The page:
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Restor Dent Endod. 2016 Aug;41(3):196-201. English. Original Article.
Khoroushi M , Shirban F , Kaveh S , Doustfateme S .
Dental Materials Research Center, Department of Operative Dentistry, Isfahan University of Medical Sciences, Isfahan, Iran.
Dental Research Center and Department of Orthodontics, School of Dentistry, Isfahan University of Medical Sciences, Isfahan, Iran.
Department of Operative Dentistry, School of Dentistry, Semnan University of Medical Sciences, Semnan, Iran.
Persian Gulf Oral and Dental Disease Research Center, Hormozgan University of Medical Sciences, Bandar Abbas, Iran.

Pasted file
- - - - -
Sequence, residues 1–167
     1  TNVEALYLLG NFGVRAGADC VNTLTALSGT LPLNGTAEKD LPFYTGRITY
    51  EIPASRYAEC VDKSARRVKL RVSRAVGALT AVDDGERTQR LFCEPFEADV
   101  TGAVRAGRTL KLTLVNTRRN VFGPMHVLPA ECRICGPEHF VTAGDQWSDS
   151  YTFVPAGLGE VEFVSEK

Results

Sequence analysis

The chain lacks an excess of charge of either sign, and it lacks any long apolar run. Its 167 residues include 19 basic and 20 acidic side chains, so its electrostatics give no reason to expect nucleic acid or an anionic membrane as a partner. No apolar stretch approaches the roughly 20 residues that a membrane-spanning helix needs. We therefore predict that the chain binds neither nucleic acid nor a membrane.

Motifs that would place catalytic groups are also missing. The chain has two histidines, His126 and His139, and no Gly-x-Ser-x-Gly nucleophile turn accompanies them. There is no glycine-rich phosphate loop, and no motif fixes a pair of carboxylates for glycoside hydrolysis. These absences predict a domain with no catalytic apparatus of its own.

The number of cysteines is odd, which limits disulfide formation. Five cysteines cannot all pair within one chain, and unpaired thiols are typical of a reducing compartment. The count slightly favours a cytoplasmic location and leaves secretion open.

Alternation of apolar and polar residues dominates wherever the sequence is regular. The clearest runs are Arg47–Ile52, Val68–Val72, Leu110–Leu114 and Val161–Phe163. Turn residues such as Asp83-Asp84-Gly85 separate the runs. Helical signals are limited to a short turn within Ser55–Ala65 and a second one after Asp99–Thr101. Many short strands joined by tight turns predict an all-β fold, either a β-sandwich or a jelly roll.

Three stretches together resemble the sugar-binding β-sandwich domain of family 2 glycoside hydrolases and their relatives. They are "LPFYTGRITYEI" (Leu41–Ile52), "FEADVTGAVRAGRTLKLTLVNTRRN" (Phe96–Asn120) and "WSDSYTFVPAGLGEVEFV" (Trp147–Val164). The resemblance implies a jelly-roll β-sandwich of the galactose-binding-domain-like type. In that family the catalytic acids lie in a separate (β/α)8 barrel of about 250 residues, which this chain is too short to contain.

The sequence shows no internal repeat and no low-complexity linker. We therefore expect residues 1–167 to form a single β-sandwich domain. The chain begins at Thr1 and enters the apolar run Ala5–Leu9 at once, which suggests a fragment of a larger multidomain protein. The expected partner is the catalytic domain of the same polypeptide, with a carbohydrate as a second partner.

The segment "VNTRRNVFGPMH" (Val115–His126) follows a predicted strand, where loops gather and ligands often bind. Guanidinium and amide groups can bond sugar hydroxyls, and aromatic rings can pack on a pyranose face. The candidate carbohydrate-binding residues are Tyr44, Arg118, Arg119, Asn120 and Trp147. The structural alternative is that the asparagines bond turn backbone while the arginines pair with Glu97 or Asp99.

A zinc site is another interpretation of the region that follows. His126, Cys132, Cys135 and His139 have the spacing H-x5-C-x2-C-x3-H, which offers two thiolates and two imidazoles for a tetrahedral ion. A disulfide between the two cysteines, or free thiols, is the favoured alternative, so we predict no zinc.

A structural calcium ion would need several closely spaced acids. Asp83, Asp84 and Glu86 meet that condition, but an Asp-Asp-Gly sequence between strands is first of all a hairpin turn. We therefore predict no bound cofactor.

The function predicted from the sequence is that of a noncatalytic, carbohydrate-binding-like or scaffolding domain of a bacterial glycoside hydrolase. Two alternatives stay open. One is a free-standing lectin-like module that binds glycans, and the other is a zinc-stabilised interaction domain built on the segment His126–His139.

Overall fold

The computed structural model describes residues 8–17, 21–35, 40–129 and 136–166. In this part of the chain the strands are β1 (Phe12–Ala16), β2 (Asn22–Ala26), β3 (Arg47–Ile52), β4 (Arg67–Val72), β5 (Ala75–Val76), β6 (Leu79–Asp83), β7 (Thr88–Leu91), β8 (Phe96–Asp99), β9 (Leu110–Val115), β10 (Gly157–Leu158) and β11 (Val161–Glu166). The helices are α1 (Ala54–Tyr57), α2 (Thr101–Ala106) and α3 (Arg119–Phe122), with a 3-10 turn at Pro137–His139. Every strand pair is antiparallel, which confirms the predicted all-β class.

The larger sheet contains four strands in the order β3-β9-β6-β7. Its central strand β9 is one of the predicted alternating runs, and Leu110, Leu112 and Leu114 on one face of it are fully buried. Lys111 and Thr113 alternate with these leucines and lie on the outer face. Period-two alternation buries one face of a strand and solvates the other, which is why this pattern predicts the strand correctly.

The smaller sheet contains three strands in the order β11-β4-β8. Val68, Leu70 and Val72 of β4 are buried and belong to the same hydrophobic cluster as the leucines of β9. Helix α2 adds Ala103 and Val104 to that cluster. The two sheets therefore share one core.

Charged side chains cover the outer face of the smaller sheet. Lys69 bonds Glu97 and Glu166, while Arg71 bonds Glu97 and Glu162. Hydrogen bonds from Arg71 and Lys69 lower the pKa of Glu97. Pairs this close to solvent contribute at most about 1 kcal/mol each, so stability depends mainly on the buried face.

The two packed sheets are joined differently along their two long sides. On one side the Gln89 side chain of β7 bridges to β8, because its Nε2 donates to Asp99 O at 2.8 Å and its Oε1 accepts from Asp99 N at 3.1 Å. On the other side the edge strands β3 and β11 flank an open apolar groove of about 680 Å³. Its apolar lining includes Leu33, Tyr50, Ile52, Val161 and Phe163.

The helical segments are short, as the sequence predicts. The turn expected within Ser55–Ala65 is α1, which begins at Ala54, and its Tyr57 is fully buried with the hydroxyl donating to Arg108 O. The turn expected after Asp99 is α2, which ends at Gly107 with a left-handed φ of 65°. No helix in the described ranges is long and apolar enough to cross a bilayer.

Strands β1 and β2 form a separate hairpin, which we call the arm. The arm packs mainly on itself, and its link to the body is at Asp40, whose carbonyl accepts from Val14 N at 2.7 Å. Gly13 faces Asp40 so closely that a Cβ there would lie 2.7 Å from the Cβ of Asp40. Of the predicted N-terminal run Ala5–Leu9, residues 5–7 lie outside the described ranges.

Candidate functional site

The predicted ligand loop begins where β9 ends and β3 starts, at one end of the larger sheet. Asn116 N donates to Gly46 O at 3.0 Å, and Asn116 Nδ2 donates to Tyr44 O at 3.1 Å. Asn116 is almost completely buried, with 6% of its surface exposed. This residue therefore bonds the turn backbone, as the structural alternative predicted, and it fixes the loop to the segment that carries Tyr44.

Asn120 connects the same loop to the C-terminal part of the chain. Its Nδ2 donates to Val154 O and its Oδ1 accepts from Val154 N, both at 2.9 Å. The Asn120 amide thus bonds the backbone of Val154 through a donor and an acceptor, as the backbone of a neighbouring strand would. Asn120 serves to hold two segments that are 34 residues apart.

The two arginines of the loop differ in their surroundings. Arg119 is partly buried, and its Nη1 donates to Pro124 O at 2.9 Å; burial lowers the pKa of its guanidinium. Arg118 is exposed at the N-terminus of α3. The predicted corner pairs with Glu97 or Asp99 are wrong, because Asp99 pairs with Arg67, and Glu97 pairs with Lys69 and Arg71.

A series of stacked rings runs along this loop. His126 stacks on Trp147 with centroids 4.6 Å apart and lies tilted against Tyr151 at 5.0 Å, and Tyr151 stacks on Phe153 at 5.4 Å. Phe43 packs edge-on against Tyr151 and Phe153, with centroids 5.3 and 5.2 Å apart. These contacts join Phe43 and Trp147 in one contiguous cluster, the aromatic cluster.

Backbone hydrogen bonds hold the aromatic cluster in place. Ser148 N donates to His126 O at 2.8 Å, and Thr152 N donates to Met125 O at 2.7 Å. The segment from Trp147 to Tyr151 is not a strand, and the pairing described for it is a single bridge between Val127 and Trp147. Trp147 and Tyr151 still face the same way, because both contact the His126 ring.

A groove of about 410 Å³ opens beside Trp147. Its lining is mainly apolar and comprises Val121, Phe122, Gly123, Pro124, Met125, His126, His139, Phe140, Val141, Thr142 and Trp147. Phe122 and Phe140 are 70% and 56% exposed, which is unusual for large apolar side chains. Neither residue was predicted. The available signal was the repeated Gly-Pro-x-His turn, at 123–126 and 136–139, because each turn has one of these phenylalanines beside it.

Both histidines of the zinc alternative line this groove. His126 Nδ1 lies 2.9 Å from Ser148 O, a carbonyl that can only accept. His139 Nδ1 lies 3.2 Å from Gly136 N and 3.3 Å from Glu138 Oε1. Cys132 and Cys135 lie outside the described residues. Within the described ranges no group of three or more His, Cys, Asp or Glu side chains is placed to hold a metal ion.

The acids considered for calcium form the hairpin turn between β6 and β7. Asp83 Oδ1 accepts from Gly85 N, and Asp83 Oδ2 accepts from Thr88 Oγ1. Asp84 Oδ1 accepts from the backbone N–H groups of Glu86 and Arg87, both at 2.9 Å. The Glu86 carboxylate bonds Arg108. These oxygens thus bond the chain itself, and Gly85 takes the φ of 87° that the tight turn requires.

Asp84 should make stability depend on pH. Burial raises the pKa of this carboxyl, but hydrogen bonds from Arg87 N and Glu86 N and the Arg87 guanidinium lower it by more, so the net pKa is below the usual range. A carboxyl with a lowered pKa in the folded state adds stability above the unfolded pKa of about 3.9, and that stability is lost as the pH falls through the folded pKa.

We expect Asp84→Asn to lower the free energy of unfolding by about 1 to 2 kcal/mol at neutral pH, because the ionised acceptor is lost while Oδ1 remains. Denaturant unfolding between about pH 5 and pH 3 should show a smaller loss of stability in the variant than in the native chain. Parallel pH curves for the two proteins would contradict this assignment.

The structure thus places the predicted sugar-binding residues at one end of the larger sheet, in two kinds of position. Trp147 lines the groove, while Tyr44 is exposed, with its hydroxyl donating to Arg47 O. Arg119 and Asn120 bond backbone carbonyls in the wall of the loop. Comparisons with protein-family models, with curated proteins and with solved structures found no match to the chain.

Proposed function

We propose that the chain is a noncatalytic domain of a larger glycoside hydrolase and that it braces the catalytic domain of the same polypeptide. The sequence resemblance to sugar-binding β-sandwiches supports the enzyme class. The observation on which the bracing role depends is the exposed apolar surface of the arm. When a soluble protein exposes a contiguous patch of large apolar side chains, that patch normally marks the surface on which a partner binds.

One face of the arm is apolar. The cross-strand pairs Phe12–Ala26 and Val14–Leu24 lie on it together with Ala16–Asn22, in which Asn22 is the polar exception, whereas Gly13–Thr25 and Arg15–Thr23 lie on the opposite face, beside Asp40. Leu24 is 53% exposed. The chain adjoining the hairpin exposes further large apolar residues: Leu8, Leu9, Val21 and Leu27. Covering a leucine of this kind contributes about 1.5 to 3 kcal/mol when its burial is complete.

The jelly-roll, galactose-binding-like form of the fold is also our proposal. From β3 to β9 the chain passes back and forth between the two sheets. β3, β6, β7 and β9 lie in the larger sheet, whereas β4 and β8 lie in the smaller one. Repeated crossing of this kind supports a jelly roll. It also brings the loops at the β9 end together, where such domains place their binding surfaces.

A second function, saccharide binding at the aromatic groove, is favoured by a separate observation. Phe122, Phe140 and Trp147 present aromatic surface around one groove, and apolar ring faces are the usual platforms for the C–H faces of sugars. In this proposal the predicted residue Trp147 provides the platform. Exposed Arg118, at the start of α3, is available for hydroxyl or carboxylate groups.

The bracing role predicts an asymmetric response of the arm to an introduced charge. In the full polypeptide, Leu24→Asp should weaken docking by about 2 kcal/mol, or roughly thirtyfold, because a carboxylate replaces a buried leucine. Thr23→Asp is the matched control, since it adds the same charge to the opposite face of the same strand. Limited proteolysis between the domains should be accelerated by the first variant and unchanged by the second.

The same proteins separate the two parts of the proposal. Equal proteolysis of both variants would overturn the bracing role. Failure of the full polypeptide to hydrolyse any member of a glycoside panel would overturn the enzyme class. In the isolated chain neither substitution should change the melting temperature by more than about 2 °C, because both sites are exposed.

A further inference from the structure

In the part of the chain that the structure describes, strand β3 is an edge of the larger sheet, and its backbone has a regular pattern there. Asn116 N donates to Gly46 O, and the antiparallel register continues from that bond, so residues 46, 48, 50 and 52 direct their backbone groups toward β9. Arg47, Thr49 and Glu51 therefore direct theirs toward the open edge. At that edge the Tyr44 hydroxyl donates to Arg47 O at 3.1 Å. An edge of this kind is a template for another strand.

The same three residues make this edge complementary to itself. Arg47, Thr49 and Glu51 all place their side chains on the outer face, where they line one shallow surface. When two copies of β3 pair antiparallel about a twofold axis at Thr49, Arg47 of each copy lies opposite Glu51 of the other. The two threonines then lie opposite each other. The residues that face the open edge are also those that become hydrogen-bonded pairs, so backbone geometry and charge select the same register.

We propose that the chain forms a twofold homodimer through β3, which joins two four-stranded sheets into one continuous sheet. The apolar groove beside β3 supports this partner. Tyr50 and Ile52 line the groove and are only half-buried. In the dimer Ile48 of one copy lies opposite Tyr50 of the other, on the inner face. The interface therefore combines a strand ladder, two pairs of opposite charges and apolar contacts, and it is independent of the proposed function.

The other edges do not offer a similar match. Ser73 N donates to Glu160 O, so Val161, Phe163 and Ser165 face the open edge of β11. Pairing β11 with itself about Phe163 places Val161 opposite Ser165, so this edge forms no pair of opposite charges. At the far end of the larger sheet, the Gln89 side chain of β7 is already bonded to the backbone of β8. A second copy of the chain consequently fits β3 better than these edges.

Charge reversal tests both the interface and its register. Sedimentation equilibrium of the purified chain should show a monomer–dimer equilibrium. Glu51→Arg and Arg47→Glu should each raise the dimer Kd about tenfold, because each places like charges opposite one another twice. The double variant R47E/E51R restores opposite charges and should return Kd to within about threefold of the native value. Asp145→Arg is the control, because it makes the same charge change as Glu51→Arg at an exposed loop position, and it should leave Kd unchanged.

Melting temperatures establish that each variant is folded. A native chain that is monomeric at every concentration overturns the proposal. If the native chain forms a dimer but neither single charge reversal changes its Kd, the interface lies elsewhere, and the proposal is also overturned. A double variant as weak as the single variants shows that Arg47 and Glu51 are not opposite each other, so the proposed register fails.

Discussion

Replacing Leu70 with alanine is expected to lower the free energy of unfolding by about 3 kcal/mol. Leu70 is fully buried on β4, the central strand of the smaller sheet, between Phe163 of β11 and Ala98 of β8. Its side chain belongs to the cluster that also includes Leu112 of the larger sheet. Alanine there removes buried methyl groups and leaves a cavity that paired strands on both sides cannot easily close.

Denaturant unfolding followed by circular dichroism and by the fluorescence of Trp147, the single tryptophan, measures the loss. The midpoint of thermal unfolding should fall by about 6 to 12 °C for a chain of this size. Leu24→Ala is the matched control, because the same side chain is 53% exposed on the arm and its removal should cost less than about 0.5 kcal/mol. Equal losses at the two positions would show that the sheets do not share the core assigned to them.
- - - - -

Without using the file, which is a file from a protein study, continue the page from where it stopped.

OBJECTIVES: The aim of this in vitro study was to evaluate the effect of incorporating three different nanobiomaterials into bleaching material on microhardness of bleached enamel. MATERIALS AND METHODS: The crowns of 24 extracted sound human molars were sectioned. Sixty enamel specimens (2 × 3 × 4 mm) were selected and divided into five groups (n = 12): Group 1 received no bleaching procedure (control); Group 2 underwent bleaching with a 40% hydrogen peroxide (HP) gel; Groups 3, 4, and 5 were bleached with a 40% HP gel modified by incorporation of bioactive glass (BAG), amorphous calcium phosphate (ACP) and hydroxyapatite (HA), respectively. The enamel microhardness was evaluated. The differences in Knoop microhardness data of each group were analyzed by one-way ANOVA, followed by post hoc Tukey tests. RESULTS: Significant differences were observed between the study groups. The enamel microhardness changes in Groups 1, 3, 4, and 5 were significantly lower than that of Group 2 (p < 0.001). CONCLUSIONS: Within the limitations of this study, it can be concluded that incorporation of each one of the three tested biomaterials as remineralizing agents might be effective in decreasing enamel microhardness changes subsequent to in-office bleaching.

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